“Whilst there are various strengths to many of these operators, we believe Choice Hotels has two main points of difference; the variety of branding options and our experience in operating as a pure play franchisor.”
Choice Hotels offers five different options for branding ranging from economy to premium brands. These are: Econo Lodge, Comfort, Quality, Clarion and the Ascend Hotel Collection. “Choice offers brands to suit every type of operator,” said Mr Fraser.
“We don’t own or manage any of our properties, instead being 100 per cent committed to franchising. This gives our franchisees confidence that every property in the network receives constant attention and support. With all properties being independently owned and operated, every property is on the same playing field and this provides real transparency for our franchisees. I believe we have the most committed and engaged support team in the region and provide a superior return on investment for our hotel owners.”
Mr Fraser says the benefits of becoming a Choice Hotels franchisee are many and varied. “Every hotel will have its own reasons for considering a partnership with Choice Hotels but the main reasons are:
• Access to a powerful global distribution network
• Global brand presence and exposure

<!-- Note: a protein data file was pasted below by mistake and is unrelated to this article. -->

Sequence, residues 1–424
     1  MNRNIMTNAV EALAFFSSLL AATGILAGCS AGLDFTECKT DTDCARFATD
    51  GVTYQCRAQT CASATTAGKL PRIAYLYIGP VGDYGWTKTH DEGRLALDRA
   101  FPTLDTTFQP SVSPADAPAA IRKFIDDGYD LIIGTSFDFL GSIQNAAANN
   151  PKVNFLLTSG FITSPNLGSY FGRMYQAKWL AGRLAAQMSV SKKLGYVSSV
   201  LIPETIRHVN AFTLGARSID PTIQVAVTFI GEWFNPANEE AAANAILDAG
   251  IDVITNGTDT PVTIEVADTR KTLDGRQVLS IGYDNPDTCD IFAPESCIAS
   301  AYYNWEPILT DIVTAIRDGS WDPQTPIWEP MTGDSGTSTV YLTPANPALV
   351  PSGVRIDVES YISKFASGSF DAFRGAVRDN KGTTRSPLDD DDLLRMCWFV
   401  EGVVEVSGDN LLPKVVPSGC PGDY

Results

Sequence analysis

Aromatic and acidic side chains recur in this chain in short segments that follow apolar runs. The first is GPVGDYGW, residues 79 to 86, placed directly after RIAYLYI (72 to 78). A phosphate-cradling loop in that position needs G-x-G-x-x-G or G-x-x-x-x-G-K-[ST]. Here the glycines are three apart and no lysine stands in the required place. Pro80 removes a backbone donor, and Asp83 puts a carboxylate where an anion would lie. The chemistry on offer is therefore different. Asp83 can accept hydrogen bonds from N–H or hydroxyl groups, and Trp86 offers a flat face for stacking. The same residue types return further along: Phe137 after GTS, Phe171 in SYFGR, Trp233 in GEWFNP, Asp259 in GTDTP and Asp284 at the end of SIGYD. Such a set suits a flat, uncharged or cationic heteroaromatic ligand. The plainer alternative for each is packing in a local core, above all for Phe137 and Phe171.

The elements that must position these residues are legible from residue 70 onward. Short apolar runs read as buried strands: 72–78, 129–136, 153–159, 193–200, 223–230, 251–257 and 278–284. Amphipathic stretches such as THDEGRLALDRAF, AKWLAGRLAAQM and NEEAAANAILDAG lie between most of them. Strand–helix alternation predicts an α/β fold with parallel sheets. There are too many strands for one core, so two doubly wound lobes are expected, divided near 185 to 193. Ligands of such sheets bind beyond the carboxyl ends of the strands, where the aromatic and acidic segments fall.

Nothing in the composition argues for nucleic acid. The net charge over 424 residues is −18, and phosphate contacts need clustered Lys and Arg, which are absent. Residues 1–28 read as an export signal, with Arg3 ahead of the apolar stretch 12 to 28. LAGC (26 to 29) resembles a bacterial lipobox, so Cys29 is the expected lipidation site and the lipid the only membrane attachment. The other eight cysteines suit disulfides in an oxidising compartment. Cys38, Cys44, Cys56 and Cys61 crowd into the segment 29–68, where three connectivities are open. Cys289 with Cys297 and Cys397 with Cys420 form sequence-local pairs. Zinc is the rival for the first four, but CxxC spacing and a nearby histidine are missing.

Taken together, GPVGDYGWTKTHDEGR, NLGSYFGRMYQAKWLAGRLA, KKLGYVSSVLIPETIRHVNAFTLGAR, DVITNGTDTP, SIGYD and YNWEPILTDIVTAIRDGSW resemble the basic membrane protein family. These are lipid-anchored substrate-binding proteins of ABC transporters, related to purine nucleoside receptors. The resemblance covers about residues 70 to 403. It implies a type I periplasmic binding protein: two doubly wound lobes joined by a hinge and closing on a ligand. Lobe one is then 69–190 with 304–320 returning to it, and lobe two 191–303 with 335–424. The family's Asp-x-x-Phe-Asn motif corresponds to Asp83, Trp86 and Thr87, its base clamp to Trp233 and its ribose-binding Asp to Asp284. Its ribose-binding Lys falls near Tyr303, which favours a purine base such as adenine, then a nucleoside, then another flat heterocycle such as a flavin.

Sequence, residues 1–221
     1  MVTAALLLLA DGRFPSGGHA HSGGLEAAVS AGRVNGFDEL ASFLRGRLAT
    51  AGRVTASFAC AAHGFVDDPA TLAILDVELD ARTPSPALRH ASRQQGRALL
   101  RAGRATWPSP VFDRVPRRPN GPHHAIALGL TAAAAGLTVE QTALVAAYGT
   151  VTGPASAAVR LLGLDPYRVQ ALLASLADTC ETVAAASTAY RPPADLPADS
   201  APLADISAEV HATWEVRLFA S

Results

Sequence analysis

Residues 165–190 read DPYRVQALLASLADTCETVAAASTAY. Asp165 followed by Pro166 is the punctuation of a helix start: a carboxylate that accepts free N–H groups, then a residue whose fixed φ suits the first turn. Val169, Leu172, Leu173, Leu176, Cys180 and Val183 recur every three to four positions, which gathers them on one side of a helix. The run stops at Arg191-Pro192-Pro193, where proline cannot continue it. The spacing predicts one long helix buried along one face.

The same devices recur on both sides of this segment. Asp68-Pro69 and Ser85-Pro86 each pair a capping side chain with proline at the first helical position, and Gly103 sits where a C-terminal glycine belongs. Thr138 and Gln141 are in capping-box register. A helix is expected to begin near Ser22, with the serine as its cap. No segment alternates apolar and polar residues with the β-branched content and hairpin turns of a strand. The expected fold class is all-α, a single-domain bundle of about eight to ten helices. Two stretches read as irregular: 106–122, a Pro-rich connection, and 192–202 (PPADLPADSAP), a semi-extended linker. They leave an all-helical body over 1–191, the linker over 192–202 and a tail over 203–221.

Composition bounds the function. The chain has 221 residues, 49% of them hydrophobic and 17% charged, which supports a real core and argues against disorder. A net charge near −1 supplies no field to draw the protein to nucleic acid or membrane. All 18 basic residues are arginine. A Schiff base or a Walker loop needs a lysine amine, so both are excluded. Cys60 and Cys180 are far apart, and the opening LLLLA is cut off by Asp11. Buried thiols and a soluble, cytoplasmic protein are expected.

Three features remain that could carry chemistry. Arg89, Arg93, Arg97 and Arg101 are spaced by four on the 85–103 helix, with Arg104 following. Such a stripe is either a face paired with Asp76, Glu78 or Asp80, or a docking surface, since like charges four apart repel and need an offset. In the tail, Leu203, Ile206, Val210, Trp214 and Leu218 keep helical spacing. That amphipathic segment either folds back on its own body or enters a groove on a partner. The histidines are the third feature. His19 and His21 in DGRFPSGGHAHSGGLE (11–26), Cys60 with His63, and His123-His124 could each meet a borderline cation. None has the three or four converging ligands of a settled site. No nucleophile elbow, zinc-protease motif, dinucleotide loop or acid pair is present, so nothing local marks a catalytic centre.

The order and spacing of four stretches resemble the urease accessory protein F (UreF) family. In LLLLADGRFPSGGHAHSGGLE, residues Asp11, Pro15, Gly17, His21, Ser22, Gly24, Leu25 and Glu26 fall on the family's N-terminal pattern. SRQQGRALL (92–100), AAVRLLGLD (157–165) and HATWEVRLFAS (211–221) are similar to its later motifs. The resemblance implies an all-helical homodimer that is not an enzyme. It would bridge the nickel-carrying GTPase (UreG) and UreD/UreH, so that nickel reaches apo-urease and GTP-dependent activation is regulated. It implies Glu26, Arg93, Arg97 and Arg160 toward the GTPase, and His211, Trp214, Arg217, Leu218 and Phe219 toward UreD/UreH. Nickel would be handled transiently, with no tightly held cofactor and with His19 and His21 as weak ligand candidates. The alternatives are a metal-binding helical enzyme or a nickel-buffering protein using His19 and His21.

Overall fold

• Experienced state based operational field support team
• Purchasing power through our preferred supplier network
• Frequent educational and training opportunities
• Extensive marketing through advertising, public relations, social media and brand partnerships
• Market leading technology and initiatives, e.g. cloud-based Property Management System (PMS)
• 200,000 local members (and 20 million internationally) in the global Choice Hotels loyalty program, Choice Privileges
• Local area marketing campaigns and initiatives
• Peer networking opportunities at regional meetings and conferences
• Australian-based reservations contact centre.
Most in the accommodation industry considering the decision as to whether to become a franchisee are likely to be interested in the finance options available – if any actually exist:
Mr Fraser says Choice Hotels is a proven system for success in the accommodation sector. “The major banks are all familiar with our brands and our operators. Individuals seeking finance are supported by the world’s third largest hotel operator.”
Another important consideration for prospective franchisees will be which brand will best suit their property style? Choice Hotels has five brand options in the Australasia market, said Mr Fraser.
“The branding process begins when a Choice Hotels representative arrives at the hotel to meet with the property owner, to assess the property and present options of branding. Together they will discuss the property owner’s goals, ambitions, and expectations and decide which brand suits the property best according to various indicators including location, price, facilities etc.”
In New Zealand, there is no separate law covering franchises, so they are covered by normal commercial law. This includes law as it applies to contracts, restrictive trade practices, intellectual property and the law of misleading or deceptive conduct.
The Franchise Association of New Zealand introduced a self-regulatory code of practice for its members in 1996. This contains many provisions similar to those of the Australian Franchising Code of Practice legislation, although only around a third of all franchises are members of the association and therefore bound by the code.